Chaston: If you’re meeting someone new for the first time, know that you can get along with anyone as long as you try. I think people let things annoy them. Try and communicate with your roommate and try to do it before something becomes a problem—and try to do it face-to-face.
The chatter comes from all sides. Eight bodies smoosh into a small front room huddled on couches, cross-legged on the floor, standing in the doorway. Ashley Mahaffey is front and center—a place she seems comfortable presiding. “She is basically the mom of the dorm, even though I am supposed to be the mom,” says Paige Nelson, the suite’s resident assistant.
“I thought my roommate was going to be crazy,” Maggie Sanders laughs. “I heard a lot of stories … One lady told me you are going to have a roommate that doesn’t ever wear her clothes.”
Katie Stringham didn’t know what it was like to have a sister, let alone live with seven other girls. “I thought they were going to steal my clothes, things that you hear that sisters do.”
Nelson worried the suite wouldn’t like her after clashing personalities plagued her room last year. “I have a strong personality,” she says. “I don’t like to sugarcoat things. I’m … here’s the problem, what can we do to fix it? I was afraid my assertiveness toward that would ruin our relationships. I don’t think it has. I hope it hasn’t.”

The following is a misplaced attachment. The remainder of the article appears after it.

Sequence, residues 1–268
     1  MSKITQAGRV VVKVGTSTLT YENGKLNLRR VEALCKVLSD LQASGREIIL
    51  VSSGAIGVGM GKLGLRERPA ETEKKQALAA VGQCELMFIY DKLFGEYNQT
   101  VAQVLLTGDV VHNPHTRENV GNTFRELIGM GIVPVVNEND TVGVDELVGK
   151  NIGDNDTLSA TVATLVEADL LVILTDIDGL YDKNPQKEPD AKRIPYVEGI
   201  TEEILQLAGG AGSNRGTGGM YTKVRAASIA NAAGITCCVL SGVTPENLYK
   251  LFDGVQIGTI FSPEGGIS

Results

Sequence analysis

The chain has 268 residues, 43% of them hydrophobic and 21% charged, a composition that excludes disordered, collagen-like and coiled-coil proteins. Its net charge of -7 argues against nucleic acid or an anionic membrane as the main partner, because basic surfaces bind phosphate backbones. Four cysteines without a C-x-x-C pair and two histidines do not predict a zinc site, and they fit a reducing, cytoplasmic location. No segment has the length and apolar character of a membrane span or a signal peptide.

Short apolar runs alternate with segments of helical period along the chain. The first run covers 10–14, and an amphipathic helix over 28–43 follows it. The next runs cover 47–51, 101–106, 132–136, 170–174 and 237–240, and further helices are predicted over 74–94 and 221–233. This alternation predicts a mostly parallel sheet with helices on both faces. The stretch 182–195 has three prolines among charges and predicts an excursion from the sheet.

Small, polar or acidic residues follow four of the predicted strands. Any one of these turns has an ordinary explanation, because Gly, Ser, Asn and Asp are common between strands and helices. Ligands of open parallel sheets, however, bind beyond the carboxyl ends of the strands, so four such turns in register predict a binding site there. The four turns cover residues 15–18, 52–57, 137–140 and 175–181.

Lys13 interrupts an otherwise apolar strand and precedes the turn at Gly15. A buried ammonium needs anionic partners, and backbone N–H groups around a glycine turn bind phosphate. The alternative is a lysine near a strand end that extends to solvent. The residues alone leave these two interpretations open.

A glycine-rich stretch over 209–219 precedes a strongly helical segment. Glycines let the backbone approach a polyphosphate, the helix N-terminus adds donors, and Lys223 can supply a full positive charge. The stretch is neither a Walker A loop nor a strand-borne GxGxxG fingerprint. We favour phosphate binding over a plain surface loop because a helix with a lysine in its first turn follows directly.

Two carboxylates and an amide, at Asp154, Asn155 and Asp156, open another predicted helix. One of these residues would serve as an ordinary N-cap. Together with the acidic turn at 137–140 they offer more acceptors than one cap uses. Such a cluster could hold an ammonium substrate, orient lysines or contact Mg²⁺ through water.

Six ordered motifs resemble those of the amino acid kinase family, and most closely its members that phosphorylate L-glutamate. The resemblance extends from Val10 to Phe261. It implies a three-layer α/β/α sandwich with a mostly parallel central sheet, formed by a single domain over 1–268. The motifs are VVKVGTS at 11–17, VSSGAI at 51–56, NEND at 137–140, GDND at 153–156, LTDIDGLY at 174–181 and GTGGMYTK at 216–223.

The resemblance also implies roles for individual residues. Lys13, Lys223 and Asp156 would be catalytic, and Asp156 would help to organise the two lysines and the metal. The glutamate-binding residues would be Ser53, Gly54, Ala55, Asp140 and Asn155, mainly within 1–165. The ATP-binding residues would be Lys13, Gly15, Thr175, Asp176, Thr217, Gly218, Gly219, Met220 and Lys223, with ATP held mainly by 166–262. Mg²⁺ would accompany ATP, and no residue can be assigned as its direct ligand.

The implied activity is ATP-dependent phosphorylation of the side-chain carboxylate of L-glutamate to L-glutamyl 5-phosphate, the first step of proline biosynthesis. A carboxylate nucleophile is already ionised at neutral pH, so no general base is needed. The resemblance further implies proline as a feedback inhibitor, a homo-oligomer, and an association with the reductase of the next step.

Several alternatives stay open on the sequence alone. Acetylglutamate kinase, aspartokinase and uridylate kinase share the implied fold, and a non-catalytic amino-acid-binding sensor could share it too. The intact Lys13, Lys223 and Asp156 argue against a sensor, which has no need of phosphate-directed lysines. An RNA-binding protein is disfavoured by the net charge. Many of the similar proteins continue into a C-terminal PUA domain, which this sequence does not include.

It hasn’t. The roommates have overcome differences in bedtimes, navigated conflicts like clearing the microwave timer after use, and use Venmo to pay each other back. They have group Snapchat and Instagram accounts and make a habit of having family dinners. Some crochet together while watching movies, others bond over “stress brownies,” at 2 a.m. (And sometimes all three.) With Mahaffey’s prodding—anything becomes an adventure—dance parties up Logan Canyon or taking out the trash.
“I like adventures,” she says. “I take it back. I love adventures. And now, I get to go on adventures multiple times throughout the day.”
The roommates say patience, respect, and an open mind are keys for getting along.
“We all just teach each other what we know and what we love and it kind of helps us—Ashley calls us a family—but it helps us become that family environment that we want,” Sanders says.
Nelson: Get to know your roommates and understand their backgrounds so if a conflict arises you can put yourself in their shoes and realize where they are coming from. And when you address a problem, be willing to work toward a solution.
Sanders: You need to be a little bit selfless—give some of your time to understand who your roommates are and what they like and who they are as people.
Shayla Patton: I really don’t think you should come to college and know your roommate. I feel you will just get so attached to that person that you won’t get to know your floor. None of us knew each other before and were kind of forced to connect.
Not all roommates will be friends. But for Clair Canfield, a senior lecturer of communication studies at Utah State University, that doesn’t mean they can’t live together respectfully. He believes most conflicts can be overcome—if we reframe our thinking.